Tomatoes produce abundant delicious fruits in a range of colours, shapes and sizes. They are easily grown in gardens, greenhouses or containers, and are appreciated by children and adults alike.

Tomato 'Costoluto Fiorentino' (beefsteak). Credit:Tim Sandall/RHS The Garden.

Quick facts

Common name Tomato
Latin name Solanum lycopersicum
Group Vegetable
Flowering time Summer
Planting time Spring to early summer
Height and spread Various
Aspect Sun or very light shade
Hardiness Tender
Difficulty Easy

Sowing seed

Tomatoes are very easy to grow from seed. Alternatively, you can buy tomato plants from late spring from garden centres; these are a good option where you can't maintain the right conditions for germination and growing on. Grafting your own or buying grafted plants is another way to raise tomatoes.

Sow seed in late March to early April for outdoor crops, and in mid-February for growing in an unheated glasshouse. Seed can be expensive, but usually only a few plants are needed, and germination is usually good.

  • Fill 9cm (3½in) pot with seed or multipurpose compost
  • Level and firm the compost, then water
  • Sow seeds on the compost surface, spacing them evenly, about a finger-width apart, to prevent damping off disease
  • Cover the seed with a layer of vermiculite
  • Keep at approximately 21°C (70°F), ideally in a heated propagator, until seedlings emerge
  • Transfer seedlings to a heated greenhouse or, although less good, a sunny windowsill

Seedlings emerge after about five days. Place them in the best-possible light (such as a greenhouse) and at a temperature of around 18°C (65°F) to prevent seedlings becoming long, thin and ‘leggy’. Leggy plants produce their first flowers high up on the plant leading to a bare, unproductive lower stem.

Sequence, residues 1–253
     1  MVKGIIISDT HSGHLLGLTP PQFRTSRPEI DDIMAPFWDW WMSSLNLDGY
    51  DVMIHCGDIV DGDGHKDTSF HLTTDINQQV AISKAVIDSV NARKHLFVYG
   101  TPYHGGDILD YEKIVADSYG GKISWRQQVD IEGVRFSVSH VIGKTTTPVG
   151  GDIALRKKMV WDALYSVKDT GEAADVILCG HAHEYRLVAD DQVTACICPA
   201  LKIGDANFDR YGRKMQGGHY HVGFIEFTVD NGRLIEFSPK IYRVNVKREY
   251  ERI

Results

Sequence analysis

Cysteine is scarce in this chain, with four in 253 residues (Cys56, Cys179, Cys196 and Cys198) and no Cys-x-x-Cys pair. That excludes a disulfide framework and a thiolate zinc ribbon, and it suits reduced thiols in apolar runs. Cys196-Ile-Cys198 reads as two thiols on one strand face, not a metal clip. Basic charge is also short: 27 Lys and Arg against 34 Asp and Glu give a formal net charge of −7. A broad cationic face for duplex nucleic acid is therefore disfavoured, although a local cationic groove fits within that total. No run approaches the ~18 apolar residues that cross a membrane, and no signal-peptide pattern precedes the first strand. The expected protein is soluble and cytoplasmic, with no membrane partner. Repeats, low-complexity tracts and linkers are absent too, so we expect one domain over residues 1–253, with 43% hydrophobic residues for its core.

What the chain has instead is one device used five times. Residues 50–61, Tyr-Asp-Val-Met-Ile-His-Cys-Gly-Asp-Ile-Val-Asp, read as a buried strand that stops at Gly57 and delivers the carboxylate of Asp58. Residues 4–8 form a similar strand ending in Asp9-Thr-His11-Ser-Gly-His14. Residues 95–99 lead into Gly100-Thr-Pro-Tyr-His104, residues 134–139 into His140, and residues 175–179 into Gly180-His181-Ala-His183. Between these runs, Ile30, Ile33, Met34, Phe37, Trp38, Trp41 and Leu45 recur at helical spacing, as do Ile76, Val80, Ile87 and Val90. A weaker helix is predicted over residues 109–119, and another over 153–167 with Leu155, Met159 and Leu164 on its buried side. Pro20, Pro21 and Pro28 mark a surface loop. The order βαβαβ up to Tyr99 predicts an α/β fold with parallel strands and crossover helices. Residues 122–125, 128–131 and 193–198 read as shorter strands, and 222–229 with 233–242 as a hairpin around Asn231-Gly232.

Pricking out

Seedlings should be large enough to prick out into separate pots of multipurpose compost two weeks or so after sowing:

  • Ideally, fill pots two days before pricking out, water well, and allow to warm up to room temperature to reduce the chance of the seedlings damping off
  • Hold seedlings by their cotyledons (seed leaves) to avoid damage to the delicate stems
  • Make a hole in the compost big enough to take the roots, and lightly firm the seedling in place
  • Water in with tepid water
  • Reduce the temperature to 16ºC (60ºF) when plants reach 15cm (6in) high

Growing on

Ideally, grow on in a glasshouse (or failing this, a well-lit windowsill), spacing plants so that their leaves never touch to avoid legginess. About a month after pricking out, the plants will be ready for planting into their final positions – this is indicated by the first flowers showing their yellow colour. The stress of being grown in the confines of a pot promotes flowers earlier than in less stressful positions, such as growing in the ground.

Cultivation notes

Whether you raise plants from seed or buy your plants, they can all be grown in the same way.


Plant outside in early summer. In unheated greenhouses, planting can take place in mid-spring. Set plants 40cm (16in) apart and water in well.

When planting into open ground, create a shallow circular reservoir around the plant to help retain water.

Watering and feeding

Roots should be kept moist but never waterlogged. Pots and grow-bags require frequent watering, particularly once plants become more established. Irregular watering can result in splitting and blossom-end rot, whereas over-watering can impair flavour.

Feeding isn’t essential for soil-grown plants, but those in bags or pots benefit from regular feeding, using tomato feed and following manufacturer’s instructions.

Fruit set